Table of Contents
- WHEN TO USE ensure and make sure?
- What does I assure you mean?
- What does it mean to insure something?
- How do you use whom in a sentence?
- What does please assured mean?
- When to use is and are?
- WHEN TO USE whose vs Who’s?
WHEN TO USE ensure and make sure?
To “assure” a person of something is to make him or her confident of it. According to Associated Press style, to “ensure” that something happens is to make certain that it does, and to “insure” is to issue an insurance policy. Other authorities, however, consider “ensure” and “insure” interchangeable.
What does I assure you mean?
formal to tell someone that something will definitely happen or is definitely true, especially in order to remove doubt about it. There’s not much more I can say to assure you. assure someone of something: She assured me of her support.
What does it mean to insure something?
To insure something or someone is to cover it with an insurance policy, a kind of agreement that states that if something happens to someone or something that’s insured, the insurance company will provide compensation: … The insurance company said they won’t insure our house against floods.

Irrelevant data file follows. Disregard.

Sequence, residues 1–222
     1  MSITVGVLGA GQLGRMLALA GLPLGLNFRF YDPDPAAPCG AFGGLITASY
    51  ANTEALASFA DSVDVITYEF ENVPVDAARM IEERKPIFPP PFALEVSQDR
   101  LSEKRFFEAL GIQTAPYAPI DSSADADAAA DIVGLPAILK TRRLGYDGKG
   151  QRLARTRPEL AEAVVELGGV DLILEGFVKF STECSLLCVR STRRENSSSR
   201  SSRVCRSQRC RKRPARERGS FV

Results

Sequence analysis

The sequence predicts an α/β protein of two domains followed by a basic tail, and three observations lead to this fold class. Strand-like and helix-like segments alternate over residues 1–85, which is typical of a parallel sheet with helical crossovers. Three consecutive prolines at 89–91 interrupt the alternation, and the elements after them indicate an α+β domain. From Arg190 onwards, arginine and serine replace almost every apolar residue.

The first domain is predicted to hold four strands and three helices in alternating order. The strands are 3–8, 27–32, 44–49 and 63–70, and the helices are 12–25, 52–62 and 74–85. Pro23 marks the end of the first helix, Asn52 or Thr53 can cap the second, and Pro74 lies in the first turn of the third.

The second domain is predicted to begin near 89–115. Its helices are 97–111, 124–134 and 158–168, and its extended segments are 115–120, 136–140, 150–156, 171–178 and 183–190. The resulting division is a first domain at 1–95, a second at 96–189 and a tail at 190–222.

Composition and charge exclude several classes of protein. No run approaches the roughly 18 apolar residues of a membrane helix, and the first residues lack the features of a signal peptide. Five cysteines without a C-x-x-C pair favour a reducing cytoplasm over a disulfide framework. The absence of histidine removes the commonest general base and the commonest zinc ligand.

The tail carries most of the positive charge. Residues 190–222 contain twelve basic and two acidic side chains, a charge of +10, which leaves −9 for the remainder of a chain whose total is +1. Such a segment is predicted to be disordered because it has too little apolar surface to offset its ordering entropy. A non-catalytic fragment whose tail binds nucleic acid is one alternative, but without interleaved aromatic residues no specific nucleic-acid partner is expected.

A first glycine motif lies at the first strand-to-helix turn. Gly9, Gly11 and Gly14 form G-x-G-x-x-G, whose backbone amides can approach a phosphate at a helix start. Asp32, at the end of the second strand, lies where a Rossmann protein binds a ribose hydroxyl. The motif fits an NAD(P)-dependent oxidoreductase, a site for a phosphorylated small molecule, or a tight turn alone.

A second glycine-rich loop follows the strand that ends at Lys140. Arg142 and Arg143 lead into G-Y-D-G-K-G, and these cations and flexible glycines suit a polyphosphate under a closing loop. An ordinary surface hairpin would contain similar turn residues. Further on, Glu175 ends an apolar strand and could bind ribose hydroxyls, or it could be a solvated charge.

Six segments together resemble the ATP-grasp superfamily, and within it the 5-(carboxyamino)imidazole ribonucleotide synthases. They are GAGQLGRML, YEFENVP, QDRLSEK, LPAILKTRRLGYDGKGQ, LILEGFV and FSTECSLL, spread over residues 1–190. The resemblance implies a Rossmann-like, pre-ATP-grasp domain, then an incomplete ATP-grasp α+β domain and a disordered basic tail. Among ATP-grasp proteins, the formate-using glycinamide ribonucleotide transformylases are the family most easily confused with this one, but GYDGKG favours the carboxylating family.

How do you use whom in a sentence?
Whom should be used to refer to the object of a verb or preposition. When in doubt, try this simple trick: If you can replace the word with “he”’ or “’she,” use who. If you can replace it with “him” or “her,” use whom. Who should be used to refer to the subject of a sentence.
What does please assured mean?
to be certain to happen. Her success is now virtually assured. To be certain or likely to happen:await, threaten, be heading/headed for something…
When to use is and are?
When deciding whether to use is or are, look at whether the noun is plural or singular. If the noun is singular, use is. If it is plural or there is more than one noun, use are. The cat is eating all of his food.
WHEN TO USE whose vs Who’s?
What do who’s and whose mean? Whose is the possessive form of the pronoun who, while who’s is a contraction of the words who is or who has. However, many people still find whose and who’s particularly confusing because, in English, an apostrophe followed by an s usually indicates the possessive form of a word.